Opals are not named the queen of all gemstones for no reason. The world’s costliest opals ever discovered can compete with the asking price and allure of diamonds, rubies and emeralds.
About 90% of the world’s opals are produced by Australia, so it’s not surprising that the finest, rarest and priciest of opals come from this arid region, which used to be a home to marine dinosaurs eons ago.
The radiant Royal One is the most expensive opal in the world. A 68-year-old miner named Bobby brought this precious 306-carat black opal to New York in 2013 for appraisal. He said he found it at the Lightning Ridge mining field in NSW, Australia and kept it to himself for 14 years. It went on sale in Las Vegas for $3 million.
Olympic Australis is the second most expensive opal stone. It weighs about 17,000 carats and it’s 99% real opal of even color. The gemstone was found in Eight Mile, Coober Pedy, South Australia in 1956, around the same time the Summer Olympic games were held in the country (hence the name). This rare gemstone is said to be worth an astronomical A$2,500,000 or US$1,839,800.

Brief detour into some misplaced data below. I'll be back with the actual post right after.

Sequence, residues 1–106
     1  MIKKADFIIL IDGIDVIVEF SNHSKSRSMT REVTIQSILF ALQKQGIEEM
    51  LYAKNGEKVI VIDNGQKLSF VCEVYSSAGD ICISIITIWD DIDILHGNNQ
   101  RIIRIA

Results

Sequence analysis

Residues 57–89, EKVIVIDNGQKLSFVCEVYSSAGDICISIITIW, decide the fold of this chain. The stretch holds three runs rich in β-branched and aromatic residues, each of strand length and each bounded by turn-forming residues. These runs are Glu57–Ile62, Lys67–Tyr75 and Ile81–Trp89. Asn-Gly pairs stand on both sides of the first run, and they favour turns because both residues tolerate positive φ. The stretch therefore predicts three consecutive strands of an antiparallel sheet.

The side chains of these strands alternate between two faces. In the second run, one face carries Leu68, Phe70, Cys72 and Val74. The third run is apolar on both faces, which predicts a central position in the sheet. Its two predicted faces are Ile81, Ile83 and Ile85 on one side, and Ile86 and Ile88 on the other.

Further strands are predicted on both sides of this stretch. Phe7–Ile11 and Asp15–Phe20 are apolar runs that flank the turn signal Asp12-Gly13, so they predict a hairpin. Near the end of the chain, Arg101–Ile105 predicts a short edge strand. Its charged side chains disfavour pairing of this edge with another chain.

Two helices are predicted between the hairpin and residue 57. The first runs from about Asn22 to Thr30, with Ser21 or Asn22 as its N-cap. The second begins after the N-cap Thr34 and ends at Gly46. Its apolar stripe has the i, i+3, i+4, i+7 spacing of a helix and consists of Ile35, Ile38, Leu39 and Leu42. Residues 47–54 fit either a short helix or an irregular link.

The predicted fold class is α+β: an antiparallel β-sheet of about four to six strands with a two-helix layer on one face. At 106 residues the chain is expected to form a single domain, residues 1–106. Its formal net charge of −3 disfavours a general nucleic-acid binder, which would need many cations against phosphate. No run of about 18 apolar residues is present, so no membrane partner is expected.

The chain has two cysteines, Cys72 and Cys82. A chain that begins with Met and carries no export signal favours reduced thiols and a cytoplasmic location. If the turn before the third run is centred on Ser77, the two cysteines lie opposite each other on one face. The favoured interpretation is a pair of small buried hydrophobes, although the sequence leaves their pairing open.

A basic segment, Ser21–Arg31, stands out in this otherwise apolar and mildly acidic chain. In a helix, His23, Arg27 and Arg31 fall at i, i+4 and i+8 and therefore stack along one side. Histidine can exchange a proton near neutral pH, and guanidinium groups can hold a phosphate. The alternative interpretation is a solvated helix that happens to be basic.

The Virgin Rainbow may be the third most expensive opal stone but it’s easily the prettiest of all opal gemstones unearthed so far. The play of colors in this gem is just mind-blowing. Though this black crystal opal weighs about 72 carats, it costs a whopping one million dollars. John Dustan and Steve Zagar were the miners who found this belemnite fossil opal in Coober Pedy in 2003.
Maybe there are far more brilliant, exquisite or fascinating opals lying under the earth’s surface waiting to be mined. Even planet Mars has shown deposits of opals, according to Opportunity rover’s latest findings. Aren’t opal gemstones literally out of this world?
There are more intriguing gemstone tales to come so stay tuned and stay curious.